1311171I read a post today by Xtac who told the tale of  his recent journey through an airport and the people he met along the way.

I too am a people watcher. I worked at an airport for 20 years and everyday was a smorgasbord of human interaction.  In recent years I have travelled a fair bit on my own for business and sat in airports from America to Iraq.  If you have travelled alone then you will know how time drags. There is a limit to how many films you can watch, books you read or duty free shops you can wander around justifying why not to buy a 3 litres of Japanese whiskey or a plastic monstrosity that dispenses M&Ms through the arse of vividly coloured peanut with eyes.

Since declaring a D/s lifestyle I do watch people for BDSM signs and I’ve written about that previously.  However, Xtac’s post did remind me of my morbid interest in other people’s relationships when you cannot hear what they are saying. It is like watching a silent movie without the occasional subtitles, and of course the dramatic piano accompaniment.

I look at some couples’ body language and it either makes me smile or cringe.  The couples that have a natural way about them are a joy to observe. Do you know what I mean? Not the honeymooners, they are too gloriously wrapped up in each other and still have confetti stuck to the bottom of their shoes (seen it).  I am talking about the couples that take time to ensure the other person is okay.  The guy that goes and gets a coffee and sandwich for the two of them, and despite having to take out a second mortgage to pay for it, he buys his wife a cookie as a small surprise. Or the lady who takes time to watch a video on the guys phone that he find amusing, and yet it’s obvious she doesn’t feel the same, but still watches because it pleases him.  It all just flows naturally, nothing is forced.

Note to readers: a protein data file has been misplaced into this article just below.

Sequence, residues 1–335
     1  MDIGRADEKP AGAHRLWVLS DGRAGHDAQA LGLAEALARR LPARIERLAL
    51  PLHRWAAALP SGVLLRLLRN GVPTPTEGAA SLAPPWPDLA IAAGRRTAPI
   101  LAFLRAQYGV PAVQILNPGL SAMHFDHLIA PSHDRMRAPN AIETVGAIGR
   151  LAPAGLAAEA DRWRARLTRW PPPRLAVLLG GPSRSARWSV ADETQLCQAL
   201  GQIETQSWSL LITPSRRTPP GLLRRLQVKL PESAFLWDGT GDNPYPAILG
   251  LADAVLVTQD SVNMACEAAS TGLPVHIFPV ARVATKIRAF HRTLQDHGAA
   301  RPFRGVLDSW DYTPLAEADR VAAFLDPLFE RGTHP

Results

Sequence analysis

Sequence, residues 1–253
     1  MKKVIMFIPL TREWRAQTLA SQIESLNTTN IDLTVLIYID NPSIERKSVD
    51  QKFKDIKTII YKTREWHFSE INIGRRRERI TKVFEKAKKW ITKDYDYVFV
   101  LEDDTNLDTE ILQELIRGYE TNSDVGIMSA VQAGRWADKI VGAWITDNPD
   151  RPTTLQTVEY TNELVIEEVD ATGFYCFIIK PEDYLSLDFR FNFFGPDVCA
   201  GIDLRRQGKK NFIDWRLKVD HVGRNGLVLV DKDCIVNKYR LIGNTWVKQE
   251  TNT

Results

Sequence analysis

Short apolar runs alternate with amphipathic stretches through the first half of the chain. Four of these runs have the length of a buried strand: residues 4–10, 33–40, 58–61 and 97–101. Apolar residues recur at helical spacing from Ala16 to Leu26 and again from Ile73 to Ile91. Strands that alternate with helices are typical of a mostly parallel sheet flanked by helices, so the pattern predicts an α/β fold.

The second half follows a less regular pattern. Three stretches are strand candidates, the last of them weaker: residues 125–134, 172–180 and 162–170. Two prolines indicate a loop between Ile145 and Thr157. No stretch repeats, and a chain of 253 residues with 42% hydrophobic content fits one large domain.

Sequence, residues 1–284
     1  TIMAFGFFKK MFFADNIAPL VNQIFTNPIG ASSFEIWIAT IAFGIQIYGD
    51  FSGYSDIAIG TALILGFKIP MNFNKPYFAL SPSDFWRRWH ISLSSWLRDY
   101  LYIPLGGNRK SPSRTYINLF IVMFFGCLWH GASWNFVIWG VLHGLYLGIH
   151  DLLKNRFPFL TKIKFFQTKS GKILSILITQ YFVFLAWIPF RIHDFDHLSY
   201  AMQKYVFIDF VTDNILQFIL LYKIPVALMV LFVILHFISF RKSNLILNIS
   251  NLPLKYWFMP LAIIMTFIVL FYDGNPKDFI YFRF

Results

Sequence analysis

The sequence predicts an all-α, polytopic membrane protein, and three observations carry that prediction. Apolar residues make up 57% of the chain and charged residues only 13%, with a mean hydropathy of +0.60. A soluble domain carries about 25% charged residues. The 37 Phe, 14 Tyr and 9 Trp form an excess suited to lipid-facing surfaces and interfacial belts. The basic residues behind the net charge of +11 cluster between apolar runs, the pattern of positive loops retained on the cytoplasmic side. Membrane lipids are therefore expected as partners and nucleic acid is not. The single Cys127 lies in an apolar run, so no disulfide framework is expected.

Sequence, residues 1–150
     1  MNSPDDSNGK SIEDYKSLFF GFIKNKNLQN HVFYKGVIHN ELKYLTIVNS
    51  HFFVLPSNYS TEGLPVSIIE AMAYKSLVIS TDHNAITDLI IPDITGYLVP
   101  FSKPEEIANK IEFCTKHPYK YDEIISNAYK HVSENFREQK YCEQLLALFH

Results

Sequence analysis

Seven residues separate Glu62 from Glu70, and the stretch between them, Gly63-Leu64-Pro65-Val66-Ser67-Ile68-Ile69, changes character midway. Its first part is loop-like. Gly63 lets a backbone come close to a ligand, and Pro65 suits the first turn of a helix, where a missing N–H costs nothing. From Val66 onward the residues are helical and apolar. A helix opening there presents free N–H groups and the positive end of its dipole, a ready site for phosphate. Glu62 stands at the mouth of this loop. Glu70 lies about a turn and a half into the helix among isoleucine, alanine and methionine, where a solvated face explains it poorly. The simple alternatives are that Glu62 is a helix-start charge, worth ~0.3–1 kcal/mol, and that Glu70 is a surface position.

I watched a family arrive on an aircraft once and none of their baggage made it. There had been a storm somewhere and their connecting flight was cancelled. It was the last one that night. The couple had three small kids, all tired, grumpy and disorientated. The airline took their details and said the baggage would arrived early the next day.  As the onward flight was cancelled due to weather and they were not through checked, they were stranded.   Now, this is where I witnessed a no effort couple in action. The two customer service staff were husband and wife, not usual for an airport I should point out.  “Why don’t you crash at our place tonight?” Said the lady. “Sure, that’s no problem folks, we have loads of room!” Said the husband. It was evident that it was a spur of the moment decision, and yet they just cooperated seamlessly.  I have no idea if the family took the offer, and to be honest, I don’t think it’s important to know the outcome.

Our D/s relationship takes the best of our cooperative skills from before and added to what we have now makes a pretty well oiled machine. Our roles are defined and as such the boundaries are clear. Decision making is easier for both of us in terms of arranging events that exclude the other. Coffee with friends, last minute work commitments or an on the spot decision about the kids.

I like to think that when we pass through an airport together, people who take the time to look will see a couple who act like friends and yet they have a much closer connection. One of our kids the other evening said that PDA was not cool. I thought she meant an electric personal organiser!  Public Displays of Affection are off limits apparently. We hold hands quite often and that, I am informed, is borderline PDA…..Who knew?

 

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